Thomas Milano


Thomas Milano
   WFL 3
  The "Rocky" movies allow their titles to stand alone, but here's a suggestion for a
subtitle to the latest  "Rocky V: The Well Has Gone Dry."
      Suggesting screenwriter-star Sylvester Stallone has gone to the well once too often is
perhaps about four films late, but "Rocky V" is so shrill, so over-the-top, so annoying that
one wonders why director John G. Avildsen bothered taking the assignment.
              To say "Rocky V" is heavy-handed is to understate, with every actor getting an
opportunity to look foolish and none to develop any dimension.
      When, early on, Rocky says, "Ahhh, yo!" it sounds like self-parody.
      The climactic bout of "Rocky IV" is reprised under the credits, reminding us that
Rocky Balboa (Stallone) knocked the stuffing out of a Russian boxing machine (Dolph
Lundgren) in the Soviet Union last time around.
      "Rocky V" picks up the story the moment the fight ends as Rocky demonstrates motor
damage and, sure enough, later has doctors confirm the fear that he has suffered a few too
many blows to the head and has brain damage.
      Another fight will surely kill him, we're told.
      Rocky's wife Adrian (Talia Shire) shrieks at him each time he's approached by a
loud-mouth promoter named Duke (Richard Gant), who is sort of Don King without the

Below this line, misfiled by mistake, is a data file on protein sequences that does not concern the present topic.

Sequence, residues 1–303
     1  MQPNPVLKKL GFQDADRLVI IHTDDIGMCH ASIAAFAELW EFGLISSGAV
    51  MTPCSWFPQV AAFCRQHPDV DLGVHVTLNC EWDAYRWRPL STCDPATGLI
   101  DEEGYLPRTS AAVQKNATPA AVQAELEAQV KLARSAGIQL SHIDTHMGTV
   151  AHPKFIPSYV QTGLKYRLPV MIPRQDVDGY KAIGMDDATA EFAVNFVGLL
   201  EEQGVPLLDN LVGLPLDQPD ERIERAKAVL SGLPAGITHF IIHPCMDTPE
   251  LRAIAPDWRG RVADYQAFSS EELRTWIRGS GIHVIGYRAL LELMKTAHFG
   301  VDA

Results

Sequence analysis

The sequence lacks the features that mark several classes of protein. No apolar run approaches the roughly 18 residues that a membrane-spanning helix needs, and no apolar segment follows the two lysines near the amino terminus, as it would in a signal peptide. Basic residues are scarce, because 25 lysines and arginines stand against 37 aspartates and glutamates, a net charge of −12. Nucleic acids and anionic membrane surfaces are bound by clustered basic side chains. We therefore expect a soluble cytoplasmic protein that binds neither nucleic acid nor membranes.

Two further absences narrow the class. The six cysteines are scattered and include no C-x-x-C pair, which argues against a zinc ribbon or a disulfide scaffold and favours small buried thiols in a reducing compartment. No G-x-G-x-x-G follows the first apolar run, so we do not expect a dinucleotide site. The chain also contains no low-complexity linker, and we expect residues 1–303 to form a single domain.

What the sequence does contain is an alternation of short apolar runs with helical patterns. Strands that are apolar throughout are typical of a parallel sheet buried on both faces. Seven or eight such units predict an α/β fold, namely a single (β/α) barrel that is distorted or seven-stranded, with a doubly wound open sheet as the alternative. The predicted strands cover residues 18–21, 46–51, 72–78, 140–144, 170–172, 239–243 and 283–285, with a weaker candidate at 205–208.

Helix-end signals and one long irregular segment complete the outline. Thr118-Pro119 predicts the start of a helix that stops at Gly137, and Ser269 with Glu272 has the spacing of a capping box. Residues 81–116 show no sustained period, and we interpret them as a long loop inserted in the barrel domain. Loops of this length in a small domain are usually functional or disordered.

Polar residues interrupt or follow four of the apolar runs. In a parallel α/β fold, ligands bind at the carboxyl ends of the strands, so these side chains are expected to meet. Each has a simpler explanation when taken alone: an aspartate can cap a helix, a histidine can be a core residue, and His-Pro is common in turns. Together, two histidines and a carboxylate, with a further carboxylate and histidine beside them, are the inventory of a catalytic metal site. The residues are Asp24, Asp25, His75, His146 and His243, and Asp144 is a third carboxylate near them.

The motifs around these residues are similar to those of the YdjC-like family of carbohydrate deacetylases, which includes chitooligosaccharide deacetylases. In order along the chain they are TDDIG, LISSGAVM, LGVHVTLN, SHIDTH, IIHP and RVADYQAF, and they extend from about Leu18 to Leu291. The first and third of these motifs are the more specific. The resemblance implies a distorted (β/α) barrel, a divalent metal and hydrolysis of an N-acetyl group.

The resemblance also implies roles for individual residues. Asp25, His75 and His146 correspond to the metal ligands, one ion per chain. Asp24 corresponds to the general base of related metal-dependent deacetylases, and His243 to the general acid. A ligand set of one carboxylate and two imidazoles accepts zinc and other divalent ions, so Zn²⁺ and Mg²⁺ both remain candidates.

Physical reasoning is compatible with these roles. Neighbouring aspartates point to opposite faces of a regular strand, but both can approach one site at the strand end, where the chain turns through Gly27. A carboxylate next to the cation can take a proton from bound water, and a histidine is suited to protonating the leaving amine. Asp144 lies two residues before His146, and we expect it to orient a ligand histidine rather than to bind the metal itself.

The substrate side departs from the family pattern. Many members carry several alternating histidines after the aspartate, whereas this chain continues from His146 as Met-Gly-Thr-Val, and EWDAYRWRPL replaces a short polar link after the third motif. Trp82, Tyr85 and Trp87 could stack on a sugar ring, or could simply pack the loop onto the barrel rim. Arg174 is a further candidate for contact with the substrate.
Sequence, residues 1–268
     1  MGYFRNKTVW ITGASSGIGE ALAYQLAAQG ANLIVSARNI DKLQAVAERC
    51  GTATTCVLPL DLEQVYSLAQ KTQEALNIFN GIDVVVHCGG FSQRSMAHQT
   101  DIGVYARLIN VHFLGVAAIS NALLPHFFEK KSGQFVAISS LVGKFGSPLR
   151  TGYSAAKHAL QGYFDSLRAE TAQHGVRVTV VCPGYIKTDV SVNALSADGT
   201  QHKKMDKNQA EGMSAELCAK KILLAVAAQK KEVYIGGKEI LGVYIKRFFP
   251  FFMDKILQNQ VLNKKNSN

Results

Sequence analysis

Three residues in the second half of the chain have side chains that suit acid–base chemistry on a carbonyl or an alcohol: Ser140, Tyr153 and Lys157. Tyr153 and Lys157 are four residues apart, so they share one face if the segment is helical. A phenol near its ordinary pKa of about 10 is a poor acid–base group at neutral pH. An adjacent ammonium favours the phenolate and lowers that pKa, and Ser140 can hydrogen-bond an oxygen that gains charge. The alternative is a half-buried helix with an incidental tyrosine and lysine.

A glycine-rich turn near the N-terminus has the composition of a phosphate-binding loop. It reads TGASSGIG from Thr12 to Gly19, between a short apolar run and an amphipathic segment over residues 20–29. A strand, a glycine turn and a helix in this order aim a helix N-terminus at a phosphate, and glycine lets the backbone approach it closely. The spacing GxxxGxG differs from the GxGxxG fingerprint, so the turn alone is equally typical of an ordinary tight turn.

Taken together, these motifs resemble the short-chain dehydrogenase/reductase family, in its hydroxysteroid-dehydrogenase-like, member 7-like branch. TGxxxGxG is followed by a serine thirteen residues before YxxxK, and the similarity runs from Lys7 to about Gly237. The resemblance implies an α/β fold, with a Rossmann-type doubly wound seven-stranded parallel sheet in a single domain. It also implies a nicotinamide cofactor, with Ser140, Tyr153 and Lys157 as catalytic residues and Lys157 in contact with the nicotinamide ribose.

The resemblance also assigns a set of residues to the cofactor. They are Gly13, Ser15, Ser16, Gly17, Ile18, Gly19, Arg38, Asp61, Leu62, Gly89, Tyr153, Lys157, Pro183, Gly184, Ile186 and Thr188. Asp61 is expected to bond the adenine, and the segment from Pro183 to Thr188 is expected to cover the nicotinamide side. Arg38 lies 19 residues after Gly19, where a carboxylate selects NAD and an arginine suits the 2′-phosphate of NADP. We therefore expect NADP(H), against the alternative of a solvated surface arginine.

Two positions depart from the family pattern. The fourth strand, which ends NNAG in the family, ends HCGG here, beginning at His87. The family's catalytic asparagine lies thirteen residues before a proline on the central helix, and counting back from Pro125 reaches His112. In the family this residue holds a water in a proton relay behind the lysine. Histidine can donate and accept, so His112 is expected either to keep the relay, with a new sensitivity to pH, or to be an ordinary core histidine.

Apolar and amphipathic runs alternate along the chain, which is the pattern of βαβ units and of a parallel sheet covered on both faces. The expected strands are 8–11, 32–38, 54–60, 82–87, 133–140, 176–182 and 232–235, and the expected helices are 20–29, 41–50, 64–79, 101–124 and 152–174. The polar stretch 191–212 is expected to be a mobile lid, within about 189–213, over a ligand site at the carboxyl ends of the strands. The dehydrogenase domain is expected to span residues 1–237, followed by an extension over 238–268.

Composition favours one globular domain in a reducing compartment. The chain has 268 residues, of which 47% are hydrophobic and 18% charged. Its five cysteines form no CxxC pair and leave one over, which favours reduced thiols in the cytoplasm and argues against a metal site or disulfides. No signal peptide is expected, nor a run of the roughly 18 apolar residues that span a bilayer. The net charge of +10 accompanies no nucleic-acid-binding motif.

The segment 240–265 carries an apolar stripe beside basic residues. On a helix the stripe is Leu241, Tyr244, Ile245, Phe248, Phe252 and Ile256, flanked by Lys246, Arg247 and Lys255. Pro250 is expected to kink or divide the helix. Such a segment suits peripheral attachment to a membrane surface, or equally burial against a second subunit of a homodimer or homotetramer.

hair. And she wonders if Rocky isn't trying to relive his life through someone else when he
agrees to manage another fighter, Tommy "Machine" Gunn (professional boxer Tommy
      But Rocky, thanks to his brother-in-law Paulie (Burt Young), has lost all his money.
Rather than compromise himself doing high-profile endorsements, however, Rocky feels
forced to move the family back to the slums of South Philadelphia. And he sees in Gunn a
chance to get back into the game and earn some legitimate money.
      Meanwhile, Rocky Jr. (Stallone's real-life son, Sage) is getting beat up in his new
school and Dad can't seem to find time to help him learn self-defense — he's too busy
training Gunn.
      It sure doesn't take long to turn Gunn into a champion, but, of course, Duke comes
along and corrupts the young fighter, turning him against Rocky. And, as you may have
seen in previews and TV spots, the climactic fight this time is a Christmas Eve street
      That final fight does have some energy and there is a nice moment with Rocky's late
friend/manager Mickey (Burgess Meredith) making an appearance as a memory, but most
of the dialogue exchanges are stiff and awkward, the story wallows in sentiment and is
surprisingly sluggish — despite a rocking soundtrack filled with rap music — and the
performances in general are very weak. Even Stallone seems to be sleepier than usual here.
      "Rocky V" is a sad note on which to end this series, and even die-hard fans will
doubtless be disappointed this time out.
      It is rated PG-13 for violence, a couple of profanities and brief nudity.

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